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Analyzing the Production of the Law of Cyberspace
Unformatted Document Text:  11 The motivation of a firm is straightforward. Firms are driven by profit. 38 In order to make profits, firms must provide goods and services that meet consumer demand. Successful firms listen to their customers, provide them services they need and will need, and provide support when they run into trouble. In short, economic concerns are the primary motivator of firms. 39 As a result, economic concerns shape the development of code by firms. The consequence is that values that are deemed to be unprofitable are not factored into a firm’s decision-making process, even if these values are important to society. For example, consider the cookies technology, which allows web sites to maintain information on their users. When Netscape implemented this technology, it did not spend its resources developing code that would minimize the privacy concerns posed by the cookies technology. This action would not be viewed as profitable. This explains why early versions of Netscape contained no cookie management tools or even documentation about cookies. This neglect of unprofitable societal concerns by firms is understandable. However, there are steps society can take to ensure that firms address unprofitable, but socially desirable, concerns. Often this is accomplished by government regulation. Another example of firms overlooking societal concerns is found in Silver’s research on the differences between a non-profit and a for-profit community network in Seattle, Washington and Blacksburg, Virginia. He found that the institutional structure led to differences in both content and communication within the network. The network in Blacksburg was sponsored by a number of commercial sponsors, which became reflected in the commercialism that permeated the site and the avoidance of controversial issues of race, gender, and sexuality. In contrast, the 38 See Nelson, supra note 19, at 299. 39 Scholars have began to recognize the role of economic factors in innovation. See N ATHAN R OSENBERG , I NSIDE THE B LACK B OX : T ECHNOLOGY AND E CONOMICS (1982); Martin Fransman, Designing Dolly: Interactions Between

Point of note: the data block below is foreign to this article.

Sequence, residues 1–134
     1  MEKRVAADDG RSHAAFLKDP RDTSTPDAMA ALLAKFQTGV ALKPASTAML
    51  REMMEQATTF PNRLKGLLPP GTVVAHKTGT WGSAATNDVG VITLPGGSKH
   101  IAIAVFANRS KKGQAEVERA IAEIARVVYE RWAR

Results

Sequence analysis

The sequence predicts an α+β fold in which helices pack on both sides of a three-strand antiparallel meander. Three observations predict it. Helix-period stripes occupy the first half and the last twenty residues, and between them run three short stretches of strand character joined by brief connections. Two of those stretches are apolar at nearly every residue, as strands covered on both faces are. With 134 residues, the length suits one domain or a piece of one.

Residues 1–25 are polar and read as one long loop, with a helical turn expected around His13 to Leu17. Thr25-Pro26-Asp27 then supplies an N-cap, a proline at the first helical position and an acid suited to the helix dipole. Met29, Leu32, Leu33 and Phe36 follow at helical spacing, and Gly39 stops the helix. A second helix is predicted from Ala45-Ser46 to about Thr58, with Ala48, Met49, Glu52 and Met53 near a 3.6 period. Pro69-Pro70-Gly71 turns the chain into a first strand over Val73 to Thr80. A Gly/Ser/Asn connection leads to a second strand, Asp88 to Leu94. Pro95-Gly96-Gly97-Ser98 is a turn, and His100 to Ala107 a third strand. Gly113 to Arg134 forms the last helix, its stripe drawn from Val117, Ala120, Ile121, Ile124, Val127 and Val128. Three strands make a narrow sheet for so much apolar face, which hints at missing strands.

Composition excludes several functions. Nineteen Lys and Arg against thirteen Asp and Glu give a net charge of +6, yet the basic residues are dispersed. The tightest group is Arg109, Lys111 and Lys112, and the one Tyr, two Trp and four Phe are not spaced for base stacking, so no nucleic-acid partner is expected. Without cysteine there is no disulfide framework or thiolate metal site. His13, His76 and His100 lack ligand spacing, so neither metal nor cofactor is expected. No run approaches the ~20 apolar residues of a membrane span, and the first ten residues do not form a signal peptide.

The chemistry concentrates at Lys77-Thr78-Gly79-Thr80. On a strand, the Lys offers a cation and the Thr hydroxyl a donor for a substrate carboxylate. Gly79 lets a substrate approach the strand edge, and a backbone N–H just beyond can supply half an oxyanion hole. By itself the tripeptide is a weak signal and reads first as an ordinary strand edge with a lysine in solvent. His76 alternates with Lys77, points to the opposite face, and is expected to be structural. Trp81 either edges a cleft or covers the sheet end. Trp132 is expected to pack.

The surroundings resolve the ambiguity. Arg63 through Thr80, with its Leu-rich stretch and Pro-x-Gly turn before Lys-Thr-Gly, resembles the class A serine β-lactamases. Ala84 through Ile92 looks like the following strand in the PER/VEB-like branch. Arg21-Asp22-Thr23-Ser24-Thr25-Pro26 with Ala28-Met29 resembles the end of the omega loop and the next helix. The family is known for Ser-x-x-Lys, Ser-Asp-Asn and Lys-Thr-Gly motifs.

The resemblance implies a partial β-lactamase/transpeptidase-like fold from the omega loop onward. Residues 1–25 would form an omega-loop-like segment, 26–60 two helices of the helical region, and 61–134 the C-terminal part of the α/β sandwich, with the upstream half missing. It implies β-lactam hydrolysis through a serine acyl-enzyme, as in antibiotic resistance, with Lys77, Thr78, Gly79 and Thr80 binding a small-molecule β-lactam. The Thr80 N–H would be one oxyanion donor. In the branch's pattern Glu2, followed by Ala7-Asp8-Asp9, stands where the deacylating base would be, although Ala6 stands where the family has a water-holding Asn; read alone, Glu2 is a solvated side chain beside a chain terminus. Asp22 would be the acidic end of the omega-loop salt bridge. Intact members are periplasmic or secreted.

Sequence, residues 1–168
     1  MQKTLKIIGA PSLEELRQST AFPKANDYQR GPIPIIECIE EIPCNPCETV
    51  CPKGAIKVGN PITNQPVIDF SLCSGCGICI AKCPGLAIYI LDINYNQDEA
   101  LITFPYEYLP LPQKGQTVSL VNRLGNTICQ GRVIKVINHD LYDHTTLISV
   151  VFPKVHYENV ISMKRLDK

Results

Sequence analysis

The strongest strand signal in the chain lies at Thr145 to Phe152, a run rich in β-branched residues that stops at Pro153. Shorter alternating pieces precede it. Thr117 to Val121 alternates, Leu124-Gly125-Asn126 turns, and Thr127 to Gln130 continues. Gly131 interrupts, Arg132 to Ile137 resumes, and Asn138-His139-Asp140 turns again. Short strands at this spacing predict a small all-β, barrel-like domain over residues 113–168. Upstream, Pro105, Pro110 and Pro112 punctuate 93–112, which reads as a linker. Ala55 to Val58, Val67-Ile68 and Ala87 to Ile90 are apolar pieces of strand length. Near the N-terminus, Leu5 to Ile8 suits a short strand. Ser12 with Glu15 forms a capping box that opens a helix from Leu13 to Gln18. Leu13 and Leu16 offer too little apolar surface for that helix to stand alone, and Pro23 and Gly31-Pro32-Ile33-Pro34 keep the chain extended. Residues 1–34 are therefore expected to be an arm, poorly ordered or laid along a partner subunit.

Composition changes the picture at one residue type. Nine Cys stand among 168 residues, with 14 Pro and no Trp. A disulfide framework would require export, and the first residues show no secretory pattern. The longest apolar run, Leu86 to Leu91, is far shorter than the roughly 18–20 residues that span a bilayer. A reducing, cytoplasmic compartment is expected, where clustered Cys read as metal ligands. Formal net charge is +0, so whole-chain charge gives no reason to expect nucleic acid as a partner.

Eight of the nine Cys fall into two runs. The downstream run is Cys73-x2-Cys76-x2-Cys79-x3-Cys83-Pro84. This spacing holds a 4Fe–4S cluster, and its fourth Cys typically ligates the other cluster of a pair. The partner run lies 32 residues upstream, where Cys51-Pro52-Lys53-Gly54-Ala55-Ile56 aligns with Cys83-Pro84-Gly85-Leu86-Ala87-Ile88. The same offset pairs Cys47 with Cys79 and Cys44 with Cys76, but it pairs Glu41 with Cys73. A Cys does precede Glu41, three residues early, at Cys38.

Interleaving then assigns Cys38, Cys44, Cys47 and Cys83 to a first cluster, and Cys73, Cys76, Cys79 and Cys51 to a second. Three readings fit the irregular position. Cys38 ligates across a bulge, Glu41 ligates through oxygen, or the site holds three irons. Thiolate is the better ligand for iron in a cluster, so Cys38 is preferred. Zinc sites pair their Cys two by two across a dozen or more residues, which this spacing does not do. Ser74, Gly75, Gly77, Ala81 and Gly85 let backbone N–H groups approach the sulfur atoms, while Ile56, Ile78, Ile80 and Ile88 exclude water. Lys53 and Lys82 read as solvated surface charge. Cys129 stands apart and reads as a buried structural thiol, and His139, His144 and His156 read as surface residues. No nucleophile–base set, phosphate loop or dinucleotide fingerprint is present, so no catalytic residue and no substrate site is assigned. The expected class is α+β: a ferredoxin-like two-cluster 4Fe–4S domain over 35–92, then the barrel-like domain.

Authors: Shah, Rajiv. and Kesan, Jay.
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background image
11
The motivation of a firm is straightforward. Firms are driven by profit.
38
In order to
make profits, firms must provide goods and services that meet consumer demand. Successful
firms listen to their customers, provide them services they need and will need, and provide
support when they run into trouble. In short, economic concerns are the primary motivator of
firms.
39
As a result, economic concerns shape the development of code by firms. The
consequence is that values that are deemed to be unprofitable are not factored into a firm’s
decision-making process, even if these values are important to society. For example, consider
the cookies technology, which allows web sites to maintain information on their users. When
Netscape implemented this technology, it did not spend its resources developing code that would
minimize the privacy concerns posed by the cookies technology. This action would not be
viewed as profitable. This explains why early versions of Netscape contained no cookie
management tools or even documentation about cookies. This neglect of unprofitable societal
concerns by firms is understandable. However, there are steps society can take to ensure that
firms address unprofitable, but socially desirable, concerns. Often this is accomplished by
government regulation.
Another example of firms overlooking societal concerns is found in Silver’s research on
the differences between a non-profit and a for-profit community network in Seattle, Washington
and Blacksburg, Virginia. He found that the institutional structure led to differences in both
content and communication within the network. The network in Blacksburg was sponsored by a
number of commercial sponsors, which became reflected in the commercialism that permeated
the site and the avoidance of controversial issues of race, gender, and sexuality. In contrast, the
38
See Nelson, supra note 19, at 299.
39
Scholars have began to recognize the role of economic factors in innovation. See N
ATHAN
R
OSENBERG
, I
NSIDE
THE
B
LACK
B
OX
: T
ECHNOLOGY AND
E
CONOMICS
(1982); Martin Fransman, Designing Dolly: Interactions Between


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